farmers manage a suite of varieties of different maturities and also stagger planting dates.
Drought resistance and weevil tolerance are also important traits in extending supply and
storage in the ground into the dry season. Other options could also be employed by the farmer in
combination with varieties and planting time. These include: 1) exploiting different micro-
ecologies, 2) post-harvest storage (see the discussion in the Challenge Paper 4: Value chain),
3) relay or rotational cropping with other crops, and 4) managing vine availability to ensure early
planting. In order to achieve the objectives of this challenge, activities would have to link up and
be coordinated/integrated with activities related to the seed systems and market chain
development themes, and to the ICM challenges included in this paper on integrated pest
management (IPM) (5), on cropping systems development (1) and drought management (3).

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One crucial aspect of extending the sweetpotato supply period is the timely provision of planting
material. The conservation of planting material at farm level during the dry season and the
availability of sufficient planting material (with the respective quality characteristics if possible) at
planting time are two major constraints to sweetpotato production. This is particularly true for
extending the supply period, especially in drought prone and low potential areas. To overcome
these problems there is need for adapted or new technologies to improve planting material
storage or maintenance conditions. These include, for example, maintaining plants in the field
(under irrigated conditions or in specific micro-ecologies) for rapid vine multiplication as well as
IPM technologies for weevil control. In this area research in sweetpotato agronomy and
physiology could make an important contribution linking to the expertise and experiences
generated within the seed system theme (more details in Gibson, 2008).

A second step would be to vary planting dates, varieties and cropping systems. All these farm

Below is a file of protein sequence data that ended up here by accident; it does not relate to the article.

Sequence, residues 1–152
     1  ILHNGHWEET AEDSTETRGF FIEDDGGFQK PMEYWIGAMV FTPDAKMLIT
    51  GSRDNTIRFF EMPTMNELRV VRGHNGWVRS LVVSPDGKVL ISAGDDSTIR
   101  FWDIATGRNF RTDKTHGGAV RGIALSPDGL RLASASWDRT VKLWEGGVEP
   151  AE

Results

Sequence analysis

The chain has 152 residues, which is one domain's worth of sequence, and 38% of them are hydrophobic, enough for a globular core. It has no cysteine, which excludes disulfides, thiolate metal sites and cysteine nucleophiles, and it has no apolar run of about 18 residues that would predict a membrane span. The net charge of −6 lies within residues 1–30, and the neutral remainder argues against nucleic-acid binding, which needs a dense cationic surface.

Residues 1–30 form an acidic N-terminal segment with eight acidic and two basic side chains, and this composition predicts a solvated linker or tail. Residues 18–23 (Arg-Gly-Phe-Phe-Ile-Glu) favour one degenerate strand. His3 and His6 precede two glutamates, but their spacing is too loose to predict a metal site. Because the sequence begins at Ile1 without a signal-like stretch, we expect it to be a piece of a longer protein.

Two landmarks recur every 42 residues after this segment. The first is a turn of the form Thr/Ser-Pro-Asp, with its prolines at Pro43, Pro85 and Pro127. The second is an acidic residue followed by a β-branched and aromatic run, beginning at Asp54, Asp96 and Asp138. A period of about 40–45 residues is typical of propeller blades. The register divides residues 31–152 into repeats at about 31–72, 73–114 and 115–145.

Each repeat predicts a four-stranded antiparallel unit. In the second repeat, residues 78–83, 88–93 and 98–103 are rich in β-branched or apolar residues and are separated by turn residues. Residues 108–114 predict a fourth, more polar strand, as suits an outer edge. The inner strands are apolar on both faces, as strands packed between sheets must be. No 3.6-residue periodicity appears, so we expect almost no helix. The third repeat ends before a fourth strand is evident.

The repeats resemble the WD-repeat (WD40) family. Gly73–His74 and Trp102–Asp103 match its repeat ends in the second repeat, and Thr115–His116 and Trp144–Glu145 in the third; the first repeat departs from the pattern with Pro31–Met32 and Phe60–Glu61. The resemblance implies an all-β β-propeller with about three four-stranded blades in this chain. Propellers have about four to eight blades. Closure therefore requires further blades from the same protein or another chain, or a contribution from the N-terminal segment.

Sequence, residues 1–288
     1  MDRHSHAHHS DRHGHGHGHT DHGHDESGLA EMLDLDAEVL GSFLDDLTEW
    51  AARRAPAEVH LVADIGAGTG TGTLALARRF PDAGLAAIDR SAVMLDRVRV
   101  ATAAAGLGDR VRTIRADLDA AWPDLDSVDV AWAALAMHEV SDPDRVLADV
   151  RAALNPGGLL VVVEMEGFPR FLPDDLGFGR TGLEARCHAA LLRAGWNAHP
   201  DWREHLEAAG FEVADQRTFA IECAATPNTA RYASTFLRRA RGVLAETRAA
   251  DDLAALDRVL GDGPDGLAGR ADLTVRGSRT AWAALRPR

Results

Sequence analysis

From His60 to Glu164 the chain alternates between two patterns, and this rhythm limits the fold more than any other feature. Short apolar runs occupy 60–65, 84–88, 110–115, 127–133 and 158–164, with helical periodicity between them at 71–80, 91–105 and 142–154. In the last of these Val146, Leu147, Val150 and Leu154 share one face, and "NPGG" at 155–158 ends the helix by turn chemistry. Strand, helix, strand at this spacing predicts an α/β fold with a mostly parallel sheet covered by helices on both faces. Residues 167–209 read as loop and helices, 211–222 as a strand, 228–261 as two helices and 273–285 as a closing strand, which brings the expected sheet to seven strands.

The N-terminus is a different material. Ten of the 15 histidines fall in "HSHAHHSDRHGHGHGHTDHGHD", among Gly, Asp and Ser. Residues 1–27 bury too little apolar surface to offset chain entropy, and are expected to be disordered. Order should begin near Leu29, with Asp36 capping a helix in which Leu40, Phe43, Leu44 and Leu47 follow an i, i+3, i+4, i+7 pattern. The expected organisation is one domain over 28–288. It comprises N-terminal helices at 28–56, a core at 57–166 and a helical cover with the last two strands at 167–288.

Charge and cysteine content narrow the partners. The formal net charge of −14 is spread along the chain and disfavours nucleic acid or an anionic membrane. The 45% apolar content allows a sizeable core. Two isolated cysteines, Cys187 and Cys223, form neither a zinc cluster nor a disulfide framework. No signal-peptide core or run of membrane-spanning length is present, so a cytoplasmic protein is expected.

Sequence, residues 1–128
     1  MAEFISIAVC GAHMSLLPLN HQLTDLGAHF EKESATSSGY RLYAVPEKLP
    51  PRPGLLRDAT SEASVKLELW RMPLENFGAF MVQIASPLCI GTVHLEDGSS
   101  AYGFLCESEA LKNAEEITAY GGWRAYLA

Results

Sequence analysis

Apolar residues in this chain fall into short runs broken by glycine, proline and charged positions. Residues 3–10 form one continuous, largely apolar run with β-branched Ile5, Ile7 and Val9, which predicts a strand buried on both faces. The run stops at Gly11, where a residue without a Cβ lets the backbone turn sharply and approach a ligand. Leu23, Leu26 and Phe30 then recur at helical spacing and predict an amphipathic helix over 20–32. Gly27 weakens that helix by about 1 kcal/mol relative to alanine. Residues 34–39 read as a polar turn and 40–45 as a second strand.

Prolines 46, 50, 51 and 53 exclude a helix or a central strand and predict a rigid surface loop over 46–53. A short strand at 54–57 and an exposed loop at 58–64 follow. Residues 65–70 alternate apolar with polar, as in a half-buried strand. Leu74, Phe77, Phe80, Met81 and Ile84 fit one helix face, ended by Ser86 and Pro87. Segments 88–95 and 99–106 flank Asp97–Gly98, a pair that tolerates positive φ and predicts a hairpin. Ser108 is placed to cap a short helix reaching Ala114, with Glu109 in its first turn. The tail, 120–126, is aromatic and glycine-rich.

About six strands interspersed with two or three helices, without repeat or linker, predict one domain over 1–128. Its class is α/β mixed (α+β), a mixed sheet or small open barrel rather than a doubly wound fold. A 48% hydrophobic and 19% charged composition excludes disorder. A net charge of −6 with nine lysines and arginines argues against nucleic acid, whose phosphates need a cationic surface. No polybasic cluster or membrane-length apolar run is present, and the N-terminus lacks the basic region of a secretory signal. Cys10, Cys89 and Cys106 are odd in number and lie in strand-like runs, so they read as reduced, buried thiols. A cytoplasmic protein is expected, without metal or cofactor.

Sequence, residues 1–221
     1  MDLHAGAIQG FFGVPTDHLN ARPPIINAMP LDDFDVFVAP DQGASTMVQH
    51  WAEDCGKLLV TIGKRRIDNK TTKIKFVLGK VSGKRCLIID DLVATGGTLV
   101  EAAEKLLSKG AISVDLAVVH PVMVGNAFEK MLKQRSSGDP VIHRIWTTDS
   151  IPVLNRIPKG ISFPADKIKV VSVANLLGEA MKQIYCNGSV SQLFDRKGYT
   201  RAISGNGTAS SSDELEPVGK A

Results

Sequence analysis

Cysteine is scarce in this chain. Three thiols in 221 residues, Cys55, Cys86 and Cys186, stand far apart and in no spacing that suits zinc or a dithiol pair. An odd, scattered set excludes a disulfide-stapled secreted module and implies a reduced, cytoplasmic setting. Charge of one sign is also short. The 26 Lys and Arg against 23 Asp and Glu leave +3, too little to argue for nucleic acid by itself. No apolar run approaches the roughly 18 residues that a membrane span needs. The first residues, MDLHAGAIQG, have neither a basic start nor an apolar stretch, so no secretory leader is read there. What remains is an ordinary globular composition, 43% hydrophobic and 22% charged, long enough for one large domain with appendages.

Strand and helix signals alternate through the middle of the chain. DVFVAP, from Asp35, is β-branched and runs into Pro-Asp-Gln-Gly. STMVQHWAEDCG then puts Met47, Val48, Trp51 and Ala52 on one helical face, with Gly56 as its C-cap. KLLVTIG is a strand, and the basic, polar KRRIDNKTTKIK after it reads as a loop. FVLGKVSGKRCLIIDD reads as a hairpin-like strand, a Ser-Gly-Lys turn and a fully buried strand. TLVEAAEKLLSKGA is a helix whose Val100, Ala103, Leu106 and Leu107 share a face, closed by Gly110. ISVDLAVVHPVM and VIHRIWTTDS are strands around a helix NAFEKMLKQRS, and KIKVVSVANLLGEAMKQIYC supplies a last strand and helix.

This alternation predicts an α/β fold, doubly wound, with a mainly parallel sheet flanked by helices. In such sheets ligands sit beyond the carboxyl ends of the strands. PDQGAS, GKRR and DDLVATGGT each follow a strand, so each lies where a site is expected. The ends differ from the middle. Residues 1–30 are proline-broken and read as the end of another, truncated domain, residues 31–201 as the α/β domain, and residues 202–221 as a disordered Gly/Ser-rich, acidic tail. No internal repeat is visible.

specific options depend on the availability of resources (land, labor and inputs), the capacity of
the farmer to use them efficiently and the incentives to do so. Options would consist in staggered
planting, intercropping ‘major’ crops with sweetpotato and using areas with sufficient moisture
supply for off-season production. These operations can compete with or complement other farm
activities and food production strategies. Therefore, exploiting the synergies between crops, for
example sweetpotato – cassava systems, would improve productivity, stabilize food supply
during the year, and provide a system attractive to subsistence farmers.

A third possibility to extend sweetpotato supply is post-harvest conservation and processing and
transforming of sweetpotato into new products. There exists a variety of traditional and new
technologies ranging from processing at farm level to industrial production (Agona et al., 1998;
Owori, 2003). Acceptance and use of these products has been rather limited. Apparently the
processing of sweetpotato into chips or flour is not very attractive to farmers as prices are lower
than for the fresh product (information from country visit, Malawi). Hence, research would have
to exploit options for extended storage of fresh storage roots –farmers claim, for example, that
traditional varieties can be stored much longer than improved ones, which rot within 14 days
after harvest (Rees et al., 2003)– developing appropriate varieties, methods and physical
structures (Van Oirschot et al., 2000). Experience for processing exists for Africa but also for South
East Asia, where technologies might be transferred to Africa.

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Areas of future work for consideration:

1) Introduction and assessment of sweetpotato varieties with different maturities, which
can fit into different cropping systems.
2) Identification of micro-ecologies with sufficient moisture supply and close enough to
markets where sweetpotato could be produced for extended periods.
3) Design and assessment of intercropping options and crop rotations that could extend
the supply period.
4) Development of alternatives for conserving planting materials and for having planting
material on a timely manner, particularly in drought prone areas.
5) Assessment of farmer organizational arrangements that could coordinate sequential
sweetpotato planting and harvesting.
6) Development of post-harvest practices that could reduce sweetpotato weevil and